The Social Security Administration offers disability and supplemental security income benefits to workers who have become disabled or display a significant financial need. Working individuals pay into these funds throughout their careers. If a worker becomes disabled at or before retirement age, monetary benefits are available to them. Under certain circumstances, Social Security disability benefits are available to spouses and other family members as well.
Your spouse can receive Social Security disability benefits based on your work if certain eligibility requirements are met. A spouse may receive benefits at 62 years of age or older. A spouse younger than 62 must be caring for your child who is younger than age 16 or disabled. A divorced spouse is also eligible to receive disability benefits based on your earnings. A divorced spouse who is at least age 62, was married to the recipient for at least 10 years and is currently not married may qualify for benefits.
Social Security disability benefits are calculated based on work credits. Work credits are determined by your age, earnings and the number of years worked in a job covered by Social Security. An eligible spouse may receive a monthly benefit of up to 50 percent of your eligible rate. Benefits of the disabled worker are not reduced because the spouse receives benefits. However, the SSA limits the amount family members can receive to about 50 to 80 percent of the worker's benefit amount.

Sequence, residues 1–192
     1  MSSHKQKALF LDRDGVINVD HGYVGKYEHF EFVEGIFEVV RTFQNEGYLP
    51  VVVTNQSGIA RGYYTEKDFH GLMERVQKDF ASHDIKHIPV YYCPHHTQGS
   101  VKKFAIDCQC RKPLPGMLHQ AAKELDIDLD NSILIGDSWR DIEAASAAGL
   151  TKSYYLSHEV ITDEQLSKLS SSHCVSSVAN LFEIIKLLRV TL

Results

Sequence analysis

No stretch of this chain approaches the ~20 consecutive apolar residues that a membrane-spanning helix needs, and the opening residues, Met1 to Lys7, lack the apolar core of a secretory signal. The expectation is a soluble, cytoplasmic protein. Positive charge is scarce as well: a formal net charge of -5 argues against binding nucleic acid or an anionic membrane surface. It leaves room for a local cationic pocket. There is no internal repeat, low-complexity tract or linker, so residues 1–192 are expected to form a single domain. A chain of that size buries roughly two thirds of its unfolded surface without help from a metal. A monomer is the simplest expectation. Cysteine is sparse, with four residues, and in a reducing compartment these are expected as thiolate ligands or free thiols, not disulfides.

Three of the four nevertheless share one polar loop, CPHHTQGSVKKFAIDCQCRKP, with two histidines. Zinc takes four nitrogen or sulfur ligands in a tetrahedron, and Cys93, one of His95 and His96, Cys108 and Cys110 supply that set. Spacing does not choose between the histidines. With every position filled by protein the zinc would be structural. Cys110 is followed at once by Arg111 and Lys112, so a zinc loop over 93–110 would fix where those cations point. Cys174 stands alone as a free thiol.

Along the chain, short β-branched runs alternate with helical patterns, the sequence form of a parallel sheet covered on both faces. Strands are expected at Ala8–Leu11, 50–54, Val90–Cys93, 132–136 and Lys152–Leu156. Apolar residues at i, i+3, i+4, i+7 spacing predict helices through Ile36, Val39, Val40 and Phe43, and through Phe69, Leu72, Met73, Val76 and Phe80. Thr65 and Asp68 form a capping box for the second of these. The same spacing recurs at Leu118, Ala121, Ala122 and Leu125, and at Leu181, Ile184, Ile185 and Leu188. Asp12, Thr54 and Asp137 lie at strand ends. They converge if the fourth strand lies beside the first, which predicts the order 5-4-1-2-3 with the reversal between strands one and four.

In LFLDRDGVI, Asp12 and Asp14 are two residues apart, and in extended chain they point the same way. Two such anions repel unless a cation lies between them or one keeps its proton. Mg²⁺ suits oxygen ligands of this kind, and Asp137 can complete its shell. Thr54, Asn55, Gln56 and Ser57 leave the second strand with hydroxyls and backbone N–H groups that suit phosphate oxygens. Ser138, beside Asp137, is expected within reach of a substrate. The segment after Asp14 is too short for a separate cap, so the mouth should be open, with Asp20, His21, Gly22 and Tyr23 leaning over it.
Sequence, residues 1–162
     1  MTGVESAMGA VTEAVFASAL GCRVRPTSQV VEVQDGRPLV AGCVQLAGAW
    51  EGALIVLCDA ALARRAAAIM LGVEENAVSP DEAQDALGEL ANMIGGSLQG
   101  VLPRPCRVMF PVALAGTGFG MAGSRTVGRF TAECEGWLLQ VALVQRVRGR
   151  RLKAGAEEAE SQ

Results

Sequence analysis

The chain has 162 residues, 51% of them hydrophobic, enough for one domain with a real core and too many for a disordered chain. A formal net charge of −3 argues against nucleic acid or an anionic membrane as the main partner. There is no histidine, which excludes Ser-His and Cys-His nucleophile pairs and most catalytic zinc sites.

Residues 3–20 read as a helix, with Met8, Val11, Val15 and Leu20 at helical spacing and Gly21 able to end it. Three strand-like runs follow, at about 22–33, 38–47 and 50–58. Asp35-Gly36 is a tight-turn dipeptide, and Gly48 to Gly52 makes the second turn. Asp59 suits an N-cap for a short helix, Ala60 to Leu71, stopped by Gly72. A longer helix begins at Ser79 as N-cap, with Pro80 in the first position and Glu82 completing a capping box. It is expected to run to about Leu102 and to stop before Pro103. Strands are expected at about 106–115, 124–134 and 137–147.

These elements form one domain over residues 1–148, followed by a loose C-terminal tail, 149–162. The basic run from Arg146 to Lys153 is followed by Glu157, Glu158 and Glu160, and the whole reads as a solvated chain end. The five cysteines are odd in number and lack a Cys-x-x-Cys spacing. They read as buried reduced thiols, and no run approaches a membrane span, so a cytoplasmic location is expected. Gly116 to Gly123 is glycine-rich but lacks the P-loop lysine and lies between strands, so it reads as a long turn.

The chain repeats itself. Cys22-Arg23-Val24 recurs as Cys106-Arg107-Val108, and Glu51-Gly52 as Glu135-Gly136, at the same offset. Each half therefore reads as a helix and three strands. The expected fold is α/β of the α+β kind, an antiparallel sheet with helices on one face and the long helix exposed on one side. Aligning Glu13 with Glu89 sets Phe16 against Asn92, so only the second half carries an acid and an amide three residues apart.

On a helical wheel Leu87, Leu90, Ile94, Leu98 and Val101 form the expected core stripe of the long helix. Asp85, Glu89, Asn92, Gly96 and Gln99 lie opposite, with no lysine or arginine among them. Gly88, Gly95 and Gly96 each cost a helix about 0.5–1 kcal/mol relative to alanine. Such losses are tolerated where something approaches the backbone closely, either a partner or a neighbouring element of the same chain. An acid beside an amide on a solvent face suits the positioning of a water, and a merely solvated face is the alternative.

In some instances, the spousal disability benefits may be reduced because the spouse is either eligible for his own Social Security retirement benefits or is eligible for other benefits not covered by Social Security such as a pension. In this case, the amount your spouse is entitled to receive under your disability benefits will be combined with his own retirement benefits. The spouse will not receive a double payment but will get a combination of benefits equal to the higher amount of the benefits he is eligible for.
To apply for spouse's disability benefits, the eligible party must complete an application through the Social Security Administration's website, over the phone or at a local SSA office. The SSA will request several documents during the application process. For example, if the spouse applies for benefits after the disabled worker has already begun receiving benefits, the SSA will review the spouse's eligibility by requesting items such as a marriage certificate or divorce decree, birth certificate, tax return information and citizenship status. An eligible spouse may also apply for benefits at the time of the disabled worker's application.
Spouses may be entitled to other Social Security benefits as well. Spouses of retirement age are eligible to receive Medicare benefits and/or prescription drug coverage. Spouses may also qualify for Supplemental Security Income benefits as long as income and other eligibility requirements are met.
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